2016-05-13 / Community

News Briefs


Ranked third, fifth and second nationally in the annual Le Grand Concours test of French comprehension are, from left, Middle School of the Kennebunks eighth-graders Ryan Connors, Tia Stockwell and Julia Connolly. (Courtesy photo) Ranked third, fifth and second nationally in the annual Le Grand Concours test of French comprehension are, from left, Middle School of the Kennebunks eighth-graders Ryan Connors, Tia Stockwell and Julia Connolly. (Courtesy photo) Middle school students excel in national contest

Students at the Middle School of the Kennebunks have captured eight of the Top 10 spots in Le Grand Concours, a national French contest that garners participation from more than 85,000 students in all 50 states.

Awarded gold medals based on testing done in March were Julia Connolly (ranked 2nd place nationally), Ryan Connors (3rd), and Tia Stockwell (5th). Silver medals went to William Keene (6th), Ellen Neale (7th), Michaela Machulis (8th), Miranda Durcan (9th), and Rory Sheehan (10th).

In addition, Nichole Bilodeau, Emily Hogue, Bella Hammond and Dylan Johnston all won bronze medals.

In all, 34 MSK students achieved national ranking in the Level 1A division in the 81st annual event, sponsored by the American Association of Teachers of French, which evaluates students for their written, oral and listening comprehension skills in French.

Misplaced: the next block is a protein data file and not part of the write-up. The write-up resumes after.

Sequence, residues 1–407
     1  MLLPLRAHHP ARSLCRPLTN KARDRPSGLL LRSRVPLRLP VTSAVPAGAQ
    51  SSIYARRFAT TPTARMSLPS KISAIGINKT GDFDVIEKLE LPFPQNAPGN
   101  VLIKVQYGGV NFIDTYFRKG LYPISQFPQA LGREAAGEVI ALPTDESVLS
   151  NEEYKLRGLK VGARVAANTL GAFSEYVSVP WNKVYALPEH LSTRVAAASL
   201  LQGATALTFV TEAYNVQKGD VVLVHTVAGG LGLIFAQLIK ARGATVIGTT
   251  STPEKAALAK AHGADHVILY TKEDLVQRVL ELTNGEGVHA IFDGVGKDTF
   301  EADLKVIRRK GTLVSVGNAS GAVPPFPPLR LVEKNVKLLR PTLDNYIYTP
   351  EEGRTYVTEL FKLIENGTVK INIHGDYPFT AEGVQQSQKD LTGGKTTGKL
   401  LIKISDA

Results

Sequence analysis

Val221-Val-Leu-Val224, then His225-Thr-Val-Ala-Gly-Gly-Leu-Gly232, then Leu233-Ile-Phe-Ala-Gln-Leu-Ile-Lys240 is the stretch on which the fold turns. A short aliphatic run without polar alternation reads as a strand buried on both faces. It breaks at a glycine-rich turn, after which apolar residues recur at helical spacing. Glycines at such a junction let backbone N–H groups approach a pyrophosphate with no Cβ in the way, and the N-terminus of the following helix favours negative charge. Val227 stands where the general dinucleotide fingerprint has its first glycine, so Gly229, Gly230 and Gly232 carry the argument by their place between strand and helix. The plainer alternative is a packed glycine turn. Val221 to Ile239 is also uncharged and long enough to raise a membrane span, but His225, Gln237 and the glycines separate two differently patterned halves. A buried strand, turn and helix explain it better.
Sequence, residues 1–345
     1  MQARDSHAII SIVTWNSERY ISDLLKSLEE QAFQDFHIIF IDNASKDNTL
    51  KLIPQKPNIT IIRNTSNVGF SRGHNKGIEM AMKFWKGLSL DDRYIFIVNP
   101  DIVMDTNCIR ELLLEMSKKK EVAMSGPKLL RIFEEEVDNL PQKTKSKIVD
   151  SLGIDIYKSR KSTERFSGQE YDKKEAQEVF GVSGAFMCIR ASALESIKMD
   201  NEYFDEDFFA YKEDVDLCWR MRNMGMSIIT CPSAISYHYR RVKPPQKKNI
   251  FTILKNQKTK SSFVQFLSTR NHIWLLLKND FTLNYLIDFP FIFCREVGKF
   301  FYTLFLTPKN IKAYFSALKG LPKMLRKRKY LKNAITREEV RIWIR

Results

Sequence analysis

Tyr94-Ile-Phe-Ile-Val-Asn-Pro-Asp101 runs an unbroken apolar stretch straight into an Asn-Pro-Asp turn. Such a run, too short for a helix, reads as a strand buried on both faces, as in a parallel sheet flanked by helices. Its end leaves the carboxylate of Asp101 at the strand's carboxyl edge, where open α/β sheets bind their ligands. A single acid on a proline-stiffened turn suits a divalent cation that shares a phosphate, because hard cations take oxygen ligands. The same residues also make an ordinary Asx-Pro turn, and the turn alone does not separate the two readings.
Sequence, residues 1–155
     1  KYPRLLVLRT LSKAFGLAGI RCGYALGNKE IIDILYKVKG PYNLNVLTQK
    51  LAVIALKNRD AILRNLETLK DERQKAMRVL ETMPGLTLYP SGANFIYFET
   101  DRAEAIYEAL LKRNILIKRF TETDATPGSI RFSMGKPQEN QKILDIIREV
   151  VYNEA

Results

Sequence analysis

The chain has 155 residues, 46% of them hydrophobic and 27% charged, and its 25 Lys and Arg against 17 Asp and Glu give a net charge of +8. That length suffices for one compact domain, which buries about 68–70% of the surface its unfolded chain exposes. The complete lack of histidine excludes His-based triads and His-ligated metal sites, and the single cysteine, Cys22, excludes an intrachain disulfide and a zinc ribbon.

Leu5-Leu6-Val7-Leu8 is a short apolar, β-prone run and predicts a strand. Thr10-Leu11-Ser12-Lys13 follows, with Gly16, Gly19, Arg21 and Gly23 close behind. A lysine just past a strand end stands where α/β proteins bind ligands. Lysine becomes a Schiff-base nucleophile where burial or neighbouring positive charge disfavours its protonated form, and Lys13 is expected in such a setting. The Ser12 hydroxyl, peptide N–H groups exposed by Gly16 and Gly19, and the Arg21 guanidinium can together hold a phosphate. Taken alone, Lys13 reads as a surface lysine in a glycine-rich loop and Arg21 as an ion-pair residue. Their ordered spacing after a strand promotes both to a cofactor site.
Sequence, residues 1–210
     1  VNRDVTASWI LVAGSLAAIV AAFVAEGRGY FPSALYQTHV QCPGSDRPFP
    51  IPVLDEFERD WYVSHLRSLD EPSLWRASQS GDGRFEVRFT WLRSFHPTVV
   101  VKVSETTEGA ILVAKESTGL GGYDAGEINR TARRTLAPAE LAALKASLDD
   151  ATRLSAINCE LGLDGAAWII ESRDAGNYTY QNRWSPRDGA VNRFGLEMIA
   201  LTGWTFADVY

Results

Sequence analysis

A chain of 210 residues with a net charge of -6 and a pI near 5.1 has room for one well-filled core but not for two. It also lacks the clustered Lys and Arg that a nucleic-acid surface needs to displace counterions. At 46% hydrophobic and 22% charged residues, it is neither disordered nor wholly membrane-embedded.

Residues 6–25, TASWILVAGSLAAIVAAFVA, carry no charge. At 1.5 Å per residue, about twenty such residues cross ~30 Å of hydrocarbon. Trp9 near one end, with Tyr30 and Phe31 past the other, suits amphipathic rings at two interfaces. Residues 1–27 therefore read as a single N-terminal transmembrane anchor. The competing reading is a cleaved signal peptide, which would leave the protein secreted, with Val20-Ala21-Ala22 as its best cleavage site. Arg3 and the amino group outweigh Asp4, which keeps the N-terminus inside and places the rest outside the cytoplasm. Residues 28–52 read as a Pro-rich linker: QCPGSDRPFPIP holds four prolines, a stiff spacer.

“These eighth-graders have worked very hard this year,” said MSK French teacher Tad Williams. “I am so impressed by what they have accomplished.”

Adjustments made to foreign language program

While MSK students are excelling at French, there has been some struggle at RSU 21 elementary schools with foreign language skills, particularly Spanish, the most popular among students.

At a recent school board meeting, one director, Mike Mosher of Kennebunk, had referred to it as a “failing program,” and intimated he would move to cut funding when the final vote on the coming school budget came around.

According to Assistant Superintendent Phillip Potenziano, an in-house task force determined that the blocks of time allotted for foreign language are simply not long enough, allowing for an “awareness” level of understanding only, and not the full immersion needed to develop full, practical skills.

For that, he said, at least a 90-minute block of time is needed. At its May 2 meeting, the school board voted 10-2 to fund that time, pulling $26,000 from a $180,000 line item set aside to help fund transportation of Arundel middle schoolers to Thornton Academy Middle School and using it to move a part-time Spanish teacher to full-time.

That gives the district three full-time Spanish teachers, enough to cover the needed time blocks.

Elementary principals now need to decide how and where to find that time during the school day.

Compiled by Staff Writer Wm. Duke Harrington.

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